Mr. Dashboards. This is unfortunately what you get a lot of when you try to recruit out of the Big Cos. This VP really understands how to sell up. How to make an internal presentation. And he often looks pretty good in a suit. Your board will probably love them. But really, all they do all day is look at and think about Dashboards and meet with his Managers. They often don’t even really talk to customers and prospects all that much.
What changes can I make to the team to get the dashboards up? How do I get more resources? More budget? Who can I hire, and who can I fire? How do I get rid of the bottom 20%? Where should the SKO be this year, and what sort of suite can I get? What events can I do behind a secret rope for my Top 50 prospects? This is what they work on, in large part. And all this does matter at scale.
At some point, you will need Mr. Dashboards. That’s fine. A manager of managers of managers. But whatever you do, don’t hire him until you are past Unstoppable. Because unless he or she did it for real before they were Mr. Dashboard — they have no idea how to get you to $5m, or $10m, or $20m. No idea at all.
I recently asked a new VP of Sales that had joined a startup for the first time why outbound wasn't working there when clearly it should
He said he'd have to have an analyst look into the data
This is why you don't hire BigCo people for startups
— Jason ✨BeKind✨ Lemkin ⚫️ (@jasonlk) May 19, 2021
-> Finally, we can distill a lot of this down to one key criterion: Has Your VP of Sales at some point in her career sold at a startup at your ARR today? Or at least — where your ARR will be 12 months from now? You can stretch this to 12 months from now, because you’ll be there soon enough, and you need to hire and start selling like the startup you will be in 12 months. So if your top choice worked at a startup at $25m ARR and you’re at, say, $10m-$12m ARR today, that can work. You can backfill some of the gaps. But it’s unlikely to work out if you are at, say, $5m ARR. That’s a stretch too far for a candidate that has never worked anywhere below $25m ARR.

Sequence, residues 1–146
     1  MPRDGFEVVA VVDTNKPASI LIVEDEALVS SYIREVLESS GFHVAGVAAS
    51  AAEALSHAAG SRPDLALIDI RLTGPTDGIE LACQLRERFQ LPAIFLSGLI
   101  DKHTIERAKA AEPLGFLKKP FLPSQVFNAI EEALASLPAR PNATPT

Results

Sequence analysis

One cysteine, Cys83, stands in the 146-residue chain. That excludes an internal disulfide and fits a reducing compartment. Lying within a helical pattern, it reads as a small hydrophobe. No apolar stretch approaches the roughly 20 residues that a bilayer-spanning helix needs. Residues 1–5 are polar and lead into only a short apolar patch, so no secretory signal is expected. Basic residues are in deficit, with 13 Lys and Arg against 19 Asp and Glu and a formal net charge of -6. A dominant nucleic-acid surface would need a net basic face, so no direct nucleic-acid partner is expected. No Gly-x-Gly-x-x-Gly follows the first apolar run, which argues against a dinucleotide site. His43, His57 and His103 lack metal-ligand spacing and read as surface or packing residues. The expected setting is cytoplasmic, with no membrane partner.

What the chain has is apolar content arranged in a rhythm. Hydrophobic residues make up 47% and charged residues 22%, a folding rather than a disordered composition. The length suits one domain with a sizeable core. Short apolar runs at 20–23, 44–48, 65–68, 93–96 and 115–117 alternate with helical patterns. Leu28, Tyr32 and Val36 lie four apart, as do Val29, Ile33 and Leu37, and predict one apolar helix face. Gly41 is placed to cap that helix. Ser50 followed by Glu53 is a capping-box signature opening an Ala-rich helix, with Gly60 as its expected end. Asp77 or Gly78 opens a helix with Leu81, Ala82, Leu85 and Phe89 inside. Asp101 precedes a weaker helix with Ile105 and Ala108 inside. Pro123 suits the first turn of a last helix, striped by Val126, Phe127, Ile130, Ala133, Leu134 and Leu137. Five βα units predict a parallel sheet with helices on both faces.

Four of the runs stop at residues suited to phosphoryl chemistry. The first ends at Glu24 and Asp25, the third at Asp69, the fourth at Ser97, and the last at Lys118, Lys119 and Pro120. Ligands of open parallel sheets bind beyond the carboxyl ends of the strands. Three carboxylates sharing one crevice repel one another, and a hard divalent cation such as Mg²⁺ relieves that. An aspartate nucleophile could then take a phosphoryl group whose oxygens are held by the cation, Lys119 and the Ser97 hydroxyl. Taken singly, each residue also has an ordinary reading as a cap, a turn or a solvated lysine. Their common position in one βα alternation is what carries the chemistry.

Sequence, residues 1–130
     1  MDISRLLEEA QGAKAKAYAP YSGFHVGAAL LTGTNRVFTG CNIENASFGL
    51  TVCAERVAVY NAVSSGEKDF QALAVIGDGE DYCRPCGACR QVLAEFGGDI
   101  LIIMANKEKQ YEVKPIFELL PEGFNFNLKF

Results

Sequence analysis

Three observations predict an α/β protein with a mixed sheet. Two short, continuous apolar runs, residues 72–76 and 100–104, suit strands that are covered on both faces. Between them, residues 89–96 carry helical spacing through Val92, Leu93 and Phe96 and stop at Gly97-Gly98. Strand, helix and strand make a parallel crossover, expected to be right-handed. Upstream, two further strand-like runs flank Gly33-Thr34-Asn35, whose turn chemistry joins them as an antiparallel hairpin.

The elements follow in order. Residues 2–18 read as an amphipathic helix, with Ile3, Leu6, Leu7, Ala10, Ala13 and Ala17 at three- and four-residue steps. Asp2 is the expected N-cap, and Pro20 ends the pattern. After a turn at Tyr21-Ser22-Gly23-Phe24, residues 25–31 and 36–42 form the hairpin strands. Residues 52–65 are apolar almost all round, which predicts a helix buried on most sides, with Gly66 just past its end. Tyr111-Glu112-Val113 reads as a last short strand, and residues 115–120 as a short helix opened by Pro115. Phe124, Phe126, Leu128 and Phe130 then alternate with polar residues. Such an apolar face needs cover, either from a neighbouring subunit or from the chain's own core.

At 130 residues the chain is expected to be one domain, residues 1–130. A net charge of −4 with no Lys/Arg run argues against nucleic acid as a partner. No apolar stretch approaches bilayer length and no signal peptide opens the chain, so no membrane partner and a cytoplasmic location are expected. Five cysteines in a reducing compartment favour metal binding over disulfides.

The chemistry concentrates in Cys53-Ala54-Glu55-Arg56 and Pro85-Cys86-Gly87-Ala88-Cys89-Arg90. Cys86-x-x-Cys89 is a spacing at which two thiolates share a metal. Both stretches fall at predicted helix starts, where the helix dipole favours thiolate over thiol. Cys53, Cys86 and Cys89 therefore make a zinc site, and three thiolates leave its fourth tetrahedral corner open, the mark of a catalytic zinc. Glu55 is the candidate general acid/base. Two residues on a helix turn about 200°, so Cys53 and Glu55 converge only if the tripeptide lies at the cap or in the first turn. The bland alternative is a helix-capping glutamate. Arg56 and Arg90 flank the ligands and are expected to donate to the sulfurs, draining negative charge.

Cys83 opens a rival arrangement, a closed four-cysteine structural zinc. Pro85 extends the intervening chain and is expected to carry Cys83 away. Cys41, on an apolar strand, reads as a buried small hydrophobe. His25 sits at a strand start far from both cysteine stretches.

OK, now you say, I get it, there are basically 4 types of VP of Sales for a SaaS company. I’ll make sure to hire the right one. But, SaaStr, how did you get to 48?
Aha. Because once you have the right candidates with the right backgrounds above, then you need to make sure of three more factors:
#1. Can They Do Competitive Sales? Many VP of Sales are NOT good at competitive sales. That may be fine depending on your market. But if your market is extremely competitive, make sure your VP Sales comes out of that background. Folks out of Salesforce, for example, are great at many things. Competing, in my experience, is not one of them. At Salesforce, they need to be good at closing, at upselling, at driving up the deal size, at getting people to buy something they may not even deploy for a year. It’s tough. They are competing — but it’s for budget dollars and against inertia. But they aren’t really competing with Oracle, Microsoft and Netsuite. Not in a deadly, winner-takes-all-fashion. Not really, at least not in most segments.
So if you are in a competitive space, make sure you hire someone that loves to compete. If they do, it’s fun. If they don’t, they’ll flail and be miserable. And thus fail.
#2. Experience With Similar Deal Sizes. Broadly speaking, there are 3 categories of ACV for most SaaS companies: $x,000. $XX,000. and $XXX,000. Of course, you may have customers of all different sizes, most of us do. But optimize your VP of Sales around your average deal size, your ACV. Hire someone that has only done $50,000+ deals, and they’ll have no idea how to manage a high-velocity in-bound team doing $5,000 deals. Hire someone with tons of $5,000 deal experience — I doubt they’ll know how to Sell to Power. How to really get on jets and close. How to do field sales. And you’ll lose lots of the big deals to the competition. And/or close them for far less revenue than you could. So make sure your VP Sales has at least some recent experience at a somewhat similar deal size / ACV. And ideally that your core ACV is their sweet spot.
#3. Inbound vs. Outbound. If your model is primarily inbound, make sure you hire someone that has managed a lot of inbound. If you need an outbound component, make sure the VP Sales can do that. Can he or she hire a whole floor of SDRs, trying to get meetings set up? Most VP Sales have done a little bit of both, but whichever is a bigger part of your business, match that to their experience. Almost all VPs of Sales are better at one or the other.
Once your brand reaches a certain point, you get into every deal
You don’t win them all, but you at least get into them all. Sales isn’t easier at this phase, but it changes.
The skills there are very different than when you have to fight to get into any deals
— Jason ✨BeKind✨ Lemkin ⚫️ (@jasonlk) April 5, 2021
So 4 different stages of VP Sales by ARR x 2 different competitive experiences x 3 different deal sizes x 2 types of leads/customers = 48 types of VP Sales.
No matter how exciting a candidate seems, make sure you have the right type. I know it seems to narrow the field down quite a bit. I’m sorry about that. But be patient. Find the right fit, and it will all work out well. Skimp here, hire someone from the Other 47 — and they will Fail. I can almost guarantee it. And it won’t be their fault. It will be yours. After all, you know all of the above. They don’t.
(note: an updated SaaStr Classic post)